Behind the (Lunch)lines: Preparing Cafeteria Food

| 2/25/2010 1:41:33 PM

In February, Barack Obama signed a memorandum to establish a  Task Force on Childhood Obesity , including the launch of  Michelle Obama’s “Let’s Move” campaign  to address childhood obesity and nutrition. One day earlier, British chef Jamie Oliver won a  2010 TED award , which will help him to launch a cross-industry initiative to fight obesity by educating families about food. This week we will be looking at childhood nutrition by highlighting books and articles that have passed through our library of late. –The Editors 

Cafeteria ChroniclesSchool cafeterias are frightful. Social hierarchies play out at the tables, economic inequality is highlighted in the cashier’s line, and then there is the food. Chef/farmer/blogger Ed Bruske embedded himself in the cafeteria of his daughter’s elementary school and wrote about the experience in a six-part series for Grist. In recent years, H. D. Cooke Elementary (of the D.C. Public School System) has reverted to “fresh cooked” meals:

When I asked to spend time observing the kitchen operation at my daughter’s elementary school, I thought I was going to see people cook. The food service provider for D.C. Public Schools, Chartwell-Thompson, had recently ditched the old method of feeding kids with pre-packaged meals from a food factory and replaced it with something they called “fresh cooked.” Being one of those folks who is trying to return to cooking from scratch with fresh, local ingredients, I was anxious to see how Chartwell’s plan would play out.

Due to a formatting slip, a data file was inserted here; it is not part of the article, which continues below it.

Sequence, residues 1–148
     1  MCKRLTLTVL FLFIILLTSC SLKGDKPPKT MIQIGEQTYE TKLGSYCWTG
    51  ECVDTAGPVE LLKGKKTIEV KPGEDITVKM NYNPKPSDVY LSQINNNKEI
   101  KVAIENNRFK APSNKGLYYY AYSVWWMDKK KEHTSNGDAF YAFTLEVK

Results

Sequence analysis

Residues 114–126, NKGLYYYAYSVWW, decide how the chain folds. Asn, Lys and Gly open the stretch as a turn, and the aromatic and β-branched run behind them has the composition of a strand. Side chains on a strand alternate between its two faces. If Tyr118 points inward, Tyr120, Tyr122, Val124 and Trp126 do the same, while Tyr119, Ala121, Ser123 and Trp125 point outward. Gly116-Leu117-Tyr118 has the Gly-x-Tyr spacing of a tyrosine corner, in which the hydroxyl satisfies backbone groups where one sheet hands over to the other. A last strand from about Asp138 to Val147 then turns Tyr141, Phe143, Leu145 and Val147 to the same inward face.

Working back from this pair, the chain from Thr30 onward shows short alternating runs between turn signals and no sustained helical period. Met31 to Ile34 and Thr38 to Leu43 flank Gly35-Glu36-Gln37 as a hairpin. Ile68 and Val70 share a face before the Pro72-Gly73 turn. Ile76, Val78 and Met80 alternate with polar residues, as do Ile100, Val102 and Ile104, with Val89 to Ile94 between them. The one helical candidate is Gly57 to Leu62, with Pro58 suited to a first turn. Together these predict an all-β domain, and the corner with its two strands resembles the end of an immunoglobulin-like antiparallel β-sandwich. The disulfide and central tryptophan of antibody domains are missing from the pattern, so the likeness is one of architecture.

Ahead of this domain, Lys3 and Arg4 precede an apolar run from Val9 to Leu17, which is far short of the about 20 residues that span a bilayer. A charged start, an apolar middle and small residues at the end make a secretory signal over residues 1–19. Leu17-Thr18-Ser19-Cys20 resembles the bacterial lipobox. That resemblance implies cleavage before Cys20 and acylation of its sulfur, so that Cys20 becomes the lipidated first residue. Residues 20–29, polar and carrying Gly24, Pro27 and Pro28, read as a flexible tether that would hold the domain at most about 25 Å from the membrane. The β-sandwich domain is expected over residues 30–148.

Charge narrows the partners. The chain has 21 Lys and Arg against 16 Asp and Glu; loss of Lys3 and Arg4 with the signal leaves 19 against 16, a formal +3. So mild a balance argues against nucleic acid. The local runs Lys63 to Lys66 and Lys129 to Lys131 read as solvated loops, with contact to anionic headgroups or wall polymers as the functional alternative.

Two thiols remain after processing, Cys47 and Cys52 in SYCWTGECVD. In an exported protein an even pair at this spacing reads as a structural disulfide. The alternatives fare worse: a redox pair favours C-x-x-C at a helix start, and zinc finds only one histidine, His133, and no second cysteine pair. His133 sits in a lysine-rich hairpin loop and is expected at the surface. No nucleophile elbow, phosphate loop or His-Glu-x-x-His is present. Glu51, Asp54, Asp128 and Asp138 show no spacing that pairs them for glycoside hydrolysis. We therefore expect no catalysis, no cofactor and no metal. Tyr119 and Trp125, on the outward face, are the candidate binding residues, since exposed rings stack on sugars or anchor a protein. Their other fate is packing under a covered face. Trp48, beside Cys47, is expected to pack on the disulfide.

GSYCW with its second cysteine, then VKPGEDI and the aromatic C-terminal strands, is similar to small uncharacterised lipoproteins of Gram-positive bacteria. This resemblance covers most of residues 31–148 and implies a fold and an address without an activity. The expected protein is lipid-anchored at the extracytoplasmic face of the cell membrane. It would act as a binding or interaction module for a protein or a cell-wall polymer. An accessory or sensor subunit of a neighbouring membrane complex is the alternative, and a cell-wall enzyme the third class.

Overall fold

Was I ever in for a surprise. As I soon discovered, there wasn’t much “fresh” about the food being served at H.D. Cooke Elementary School. When I passed through the doors of the “Kid’s Stop Cafe,” I walked straight into the maws of the industrial food system, where meals are composed of ingredients out of a food chemist’s lab, where highly processed food is doused with all sorts of additives and preservatives in distant factories, then cooked and shipped frozen so that it can be quickly reheated with minimal skill and placed on a steam table.

Are these really the lessons we want our kids to learn about food?

Source: Grist

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